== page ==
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Amendment to the Recovery Strategy for the Roseate Tern (Sterna dougallii) in Canada - RE: Critical Habitat Identification and Action Planning

Environment Canada

May 2010

Introduction

The Recovery Strategy for the Roseate Tern (Sterna dougallii) in Canada (Environment Canada, 2006) was posted on the Species at Risk Public Registry in October 2006.

Under Section 45 of the Species at Risk Act (SARA), the Minister of the Environment may amend a recovery strategy at any time.

This amendment to the Recovery Strategy for the Roseate Tern (Sterna dougallii) in Canada is for the purpose of:

  • Clarifying the language used in the critical habitat identification section.
  • Clarifying the description of activities likely to result in destruction of critical habitat.
  • Clarifying Environment Canada’s approach to and timing of the action plan for Roseate Tern.
  • Deleting Appendix C: Implications of critical habitat identification as being outdated.

This amendment is being posted on the Species at Risk Public Registry for a 60-day comment period. At the time of final posting, the following text will replace sections 1.3.4; 1.3.5; 1.6 of the complete recovery strategy as well as revising the section on References Cited and deleting Appendix C from the strategy.

1.3.4 Identify critical habitat

In the pre-SARA Canadian Roseate Tern Recovery Plan, suitable breeding habitat was presumed to be unlimited (Lock et al. 1993). However, research has shown that Roseate Terns actually have specific habitat requirements that are not met by most apparently suitable coastal habitat in the United States (Nisbet and Spendelow 1999). Roseate Terns may be more limited by the location of foraging habitat than by the suitability of nesting habitat. In Canada, recent survey data suggest that Roseate Terns have used only a small, varying subset of coastal islands where terns nest (Leonard et al. 2004).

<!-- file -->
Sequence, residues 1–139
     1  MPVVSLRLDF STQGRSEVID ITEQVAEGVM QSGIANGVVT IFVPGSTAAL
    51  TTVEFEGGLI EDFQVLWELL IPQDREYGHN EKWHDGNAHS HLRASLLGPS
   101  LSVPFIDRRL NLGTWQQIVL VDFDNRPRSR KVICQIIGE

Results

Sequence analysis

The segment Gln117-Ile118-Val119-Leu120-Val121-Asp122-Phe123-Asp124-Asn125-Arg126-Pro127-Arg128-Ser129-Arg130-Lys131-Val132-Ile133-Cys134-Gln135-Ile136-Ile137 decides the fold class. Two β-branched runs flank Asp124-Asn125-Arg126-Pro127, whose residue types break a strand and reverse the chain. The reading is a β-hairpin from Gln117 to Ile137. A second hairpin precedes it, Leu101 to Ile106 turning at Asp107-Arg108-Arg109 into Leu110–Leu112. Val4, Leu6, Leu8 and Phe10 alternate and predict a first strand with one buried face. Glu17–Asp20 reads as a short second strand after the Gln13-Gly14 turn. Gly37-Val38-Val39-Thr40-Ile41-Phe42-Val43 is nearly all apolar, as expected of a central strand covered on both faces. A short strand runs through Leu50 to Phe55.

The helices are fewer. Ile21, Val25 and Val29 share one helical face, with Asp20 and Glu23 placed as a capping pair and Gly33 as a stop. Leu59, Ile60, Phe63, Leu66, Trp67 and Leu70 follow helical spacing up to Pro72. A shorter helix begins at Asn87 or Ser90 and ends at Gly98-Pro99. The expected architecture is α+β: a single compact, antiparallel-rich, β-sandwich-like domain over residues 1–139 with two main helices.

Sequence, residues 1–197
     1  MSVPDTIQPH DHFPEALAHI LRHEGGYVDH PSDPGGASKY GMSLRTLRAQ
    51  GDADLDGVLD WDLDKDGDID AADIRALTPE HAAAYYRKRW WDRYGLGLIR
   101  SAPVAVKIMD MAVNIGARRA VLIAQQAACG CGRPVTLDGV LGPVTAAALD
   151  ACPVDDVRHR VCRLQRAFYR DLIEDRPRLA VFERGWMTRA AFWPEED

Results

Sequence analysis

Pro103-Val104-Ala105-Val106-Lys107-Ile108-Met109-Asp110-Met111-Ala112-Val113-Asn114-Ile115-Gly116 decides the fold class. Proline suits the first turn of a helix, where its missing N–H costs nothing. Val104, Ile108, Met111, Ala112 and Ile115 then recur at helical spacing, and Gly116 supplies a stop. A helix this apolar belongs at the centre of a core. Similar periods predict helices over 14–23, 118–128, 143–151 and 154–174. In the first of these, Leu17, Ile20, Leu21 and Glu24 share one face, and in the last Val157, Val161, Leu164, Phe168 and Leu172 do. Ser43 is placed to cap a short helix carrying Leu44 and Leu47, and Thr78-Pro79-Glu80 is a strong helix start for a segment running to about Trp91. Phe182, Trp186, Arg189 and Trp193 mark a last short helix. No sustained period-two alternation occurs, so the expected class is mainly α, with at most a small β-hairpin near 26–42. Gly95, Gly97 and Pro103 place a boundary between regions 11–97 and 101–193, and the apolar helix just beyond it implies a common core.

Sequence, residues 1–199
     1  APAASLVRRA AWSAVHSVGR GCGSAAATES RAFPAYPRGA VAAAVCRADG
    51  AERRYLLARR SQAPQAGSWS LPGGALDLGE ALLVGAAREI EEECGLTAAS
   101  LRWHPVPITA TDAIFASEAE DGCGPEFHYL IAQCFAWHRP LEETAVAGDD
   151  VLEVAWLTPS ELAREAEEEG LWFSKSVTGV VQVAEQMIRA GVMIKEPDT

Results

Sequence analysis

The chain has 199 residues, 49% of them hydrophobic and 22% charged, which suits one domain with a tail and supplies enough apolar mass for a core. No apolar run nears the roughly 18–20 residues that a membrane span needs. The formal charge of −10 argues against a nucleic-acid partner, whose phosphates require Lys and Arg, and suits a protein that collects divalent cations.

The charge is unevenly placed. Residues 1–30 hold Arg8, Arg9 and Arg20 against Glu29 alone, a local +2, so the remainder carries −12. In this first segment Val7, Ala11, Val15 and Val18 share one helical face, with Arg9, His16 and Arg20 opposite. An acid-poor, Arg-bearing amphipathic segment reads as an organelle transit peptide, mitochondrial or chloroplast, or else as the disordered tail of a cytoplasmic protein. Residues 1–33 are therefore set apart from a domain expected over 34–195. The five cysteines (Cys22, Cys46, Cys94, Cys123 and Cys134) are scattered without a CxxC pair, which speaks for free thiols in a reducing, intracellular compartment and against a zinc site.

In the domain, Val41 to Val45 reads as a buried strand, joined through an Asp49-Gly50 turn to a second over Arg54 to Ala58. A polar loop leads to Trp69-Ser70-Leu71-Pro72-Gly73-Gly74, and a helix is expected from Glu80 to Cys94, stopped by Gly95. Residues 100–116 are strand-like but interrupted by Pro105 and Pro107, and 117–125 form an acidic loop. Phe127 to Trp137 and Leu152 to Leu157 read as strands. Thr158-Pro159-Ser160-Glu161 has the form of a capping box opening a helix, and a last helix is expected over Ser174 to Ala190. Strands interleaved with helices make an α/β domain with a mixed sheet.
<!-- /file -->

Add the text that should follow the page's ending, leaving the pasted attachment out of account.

Roseate Terns generally forage in shallow areas close to shore, near shoals and tidal rips (Gochfeld et al. 1998), although little is known about their foraging ecology in Canada. After fledging in early August, juvenile Roseate Terns from the northeastern population disperse with their parents to staging areas. There is also little known about staging habitat for Canadian birds, although in 2002 two Roseate Terns that had been banded as chicks on The Brothers, NS were sighted within a month of fledging at Great Gull Island, New York (H. Hays, pers. comm.) and 13 of 14 chicks banded on Country Island in 2009 were sighted from August to October of that year staging at sites in Cape Cod, Massachusetts (J. Spendelow, pers. comm.).  Roseate Terns migrate south in late August and early September. They arrive in South America by October, where they have been recovered and recaptured along the north coast from western Colombia to eastern Brazil, between 11°S and 18°S (Hays et al. 1997).